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The Roosevelts in Our Backyard

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When we got word that the latest Ken Burns film “The Roosevelts” would be airing this fall, we at WMHT knew we had to produce some sort of companion program.  After all, Franklin and Eleanor’s hometown of Hyde Park is in our viewing area.  Plus, FDR and his distant cousin Theodore both occupied not only the White House but the Governor’s Mansion here in Albany.  As someone who not only covers state politics but is also a major history buff, the station looked to me to come up with the best idea.  There is certainly no shortage of good stories around this famous family and their ties to our region but for me the best one was clear.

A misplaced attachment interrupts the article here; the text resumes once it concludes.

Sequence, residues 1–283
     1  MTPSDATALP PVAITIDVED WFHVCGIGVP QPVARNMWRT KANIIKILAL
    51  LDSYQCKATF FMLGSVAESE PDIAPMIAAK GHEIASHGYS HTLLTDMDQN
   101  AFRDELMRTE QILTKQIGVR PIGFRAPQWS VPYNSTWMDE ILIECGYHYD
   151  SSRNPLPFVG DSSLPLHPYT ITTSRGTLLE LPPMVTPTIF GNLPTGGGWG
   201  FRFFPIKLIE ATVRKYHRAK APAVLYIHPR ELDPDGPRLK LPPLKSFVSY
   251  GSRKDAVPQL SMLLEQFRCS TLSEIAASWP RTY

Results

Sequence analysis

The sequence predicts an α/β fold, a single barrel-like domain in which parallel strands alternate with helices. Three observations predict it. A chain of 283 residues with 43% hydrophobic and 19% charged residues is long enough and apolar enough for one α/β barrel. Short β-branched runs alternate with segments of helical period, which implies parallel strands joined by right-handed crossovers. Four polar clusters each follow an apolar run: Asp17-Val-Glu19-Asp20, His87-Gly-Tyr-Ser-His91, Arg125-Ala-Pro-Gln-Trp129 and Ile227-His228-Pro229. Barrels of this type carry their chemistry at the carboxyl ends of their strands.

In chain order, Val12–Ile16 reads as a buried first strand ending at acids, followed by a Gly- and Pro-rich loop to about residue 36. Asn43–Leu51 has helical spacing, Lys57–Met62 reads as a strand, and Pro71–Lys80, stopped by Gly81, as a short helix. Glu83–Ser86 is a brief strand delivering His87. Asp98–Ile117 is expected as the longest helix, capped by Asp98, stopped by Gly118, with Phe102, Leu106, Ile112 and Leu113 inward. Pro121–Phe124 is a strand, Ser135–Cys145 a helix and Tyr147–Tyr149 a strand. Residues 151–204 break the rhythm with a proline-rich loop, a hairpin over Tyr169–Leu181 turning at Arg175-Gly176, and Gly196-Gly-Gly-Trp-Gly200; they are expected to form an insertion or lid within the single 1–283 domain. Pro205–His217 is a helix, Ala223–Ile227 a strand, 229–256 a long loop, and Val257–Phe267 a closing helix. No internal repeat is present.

Theodore Roosevelt is considered by the vast majority of historians to be one of our greatest presidents.  He was the trust-busting, progressive Republican, offering a “Square Deal” to all Americans.   He’s held in such high regard that he’s one of only four of our commanders-in-chief to have his face carved on Mount Rushmore.  Be honest, though:  Do you know how he became President of the United States?  He was elected in a landslide, right?  Not quite.  In fact if not for the cruel hand of fate, the man we affectionately call “Teddy” may never have made it to 1600 Pennsylvania Avenue. 

That is the focus of our documentary Nine Long Days: TR’s Journey to the White House.  Our travels take us to every geographical area that played a role in the tragic events of September 1901, including Buffalo, Newcomb and North Creek here in New York as well as to Vermont and Ohio.   Stay tuned for more behind-the-scenes story coming up from our many travels.